After the boom in tech investments during the course of the pandemic, companies are now looking inwards at all the shiny new technology in their infrastructure.
We’re in an ‘era of refinement’, and organisations want to maintain their infrastructure while simultaneously cutting costs – to allow them to remain buoyant in this stormy economy.
Cloud cost management is a top priority and foundational to a company’s digital transformation. Today, there is increasing awareness of cloud cost implications in the long-term, as usage can negatively impact budgets and to the total cost of revenue. In fact, Gartner predicts that 60% of cloud leaders will encounter public cloud cost overruns.
As organisations prepare for another potential period of economic downturn, it will be important to have a cloud cost management strategy in place to help optimise overall spend, utilisation of services, and increase profit margins.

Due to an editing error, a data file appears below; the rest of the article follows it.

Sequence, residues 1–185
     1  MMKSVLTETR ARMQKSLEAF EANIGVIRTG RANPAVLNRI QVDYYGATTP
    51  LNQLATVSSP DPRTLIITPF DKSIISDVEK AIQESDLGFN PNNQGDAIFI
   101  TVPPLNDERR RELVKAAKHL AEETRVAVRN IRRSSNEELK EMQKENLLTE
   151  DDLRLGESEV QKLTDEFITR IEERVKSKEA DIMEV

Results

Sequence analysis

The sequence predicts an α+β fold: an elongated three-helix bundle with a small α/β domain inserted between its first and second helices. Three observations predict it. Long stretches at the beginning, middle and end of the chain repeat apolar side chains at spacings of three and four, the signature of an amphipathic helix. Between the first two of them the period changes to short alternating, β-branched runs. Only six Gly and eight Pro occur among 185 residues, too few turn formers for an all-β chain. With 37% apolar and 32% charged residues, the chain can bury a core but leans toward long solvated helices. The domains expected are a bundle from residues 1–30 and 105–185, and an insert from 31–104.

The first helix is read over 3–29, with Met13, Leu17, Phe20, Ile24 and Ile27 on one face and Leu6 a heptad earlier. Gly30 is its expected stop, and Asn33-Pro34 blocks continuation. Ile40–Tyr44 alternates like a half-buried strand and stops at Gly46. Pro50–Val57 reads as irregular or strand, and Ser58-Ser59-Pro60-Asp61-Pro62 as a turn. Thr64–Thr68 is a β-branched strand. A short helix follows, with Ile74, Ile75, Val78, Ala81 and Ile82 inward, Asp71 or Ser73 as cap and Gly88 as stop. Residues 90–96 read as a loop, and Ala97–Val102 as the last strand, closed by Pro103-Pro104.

Here are some ways to ensure there are no hidden surprises in your cloud bill today:
1. Understand Your Environment
Businesses are attempting to transition quickly to the cloud, but without an understanding of how different teams use resources, they risk being taken aback when their cloud bill arrives at the end of the month. It’s crucial to have a thorough understanding of your overall cloud environment when it comes to managing cloud cost. Across software as a service, your developer needs, infrastructure, and services like email and virtual desktops, “cloud” is likely in all parts of your IT estate. Getting a handle on what you’re paying for and if it’s worth paying for has always been difficult in IT, and the operating model of public cloud (where, someone else manages it for you) requires different ways of doing IT financing management. The first step is to obtain insight into all cloud resources being used throughout the organisation because you cannot manage what you cannot see.
2. Create the Right Governance Framework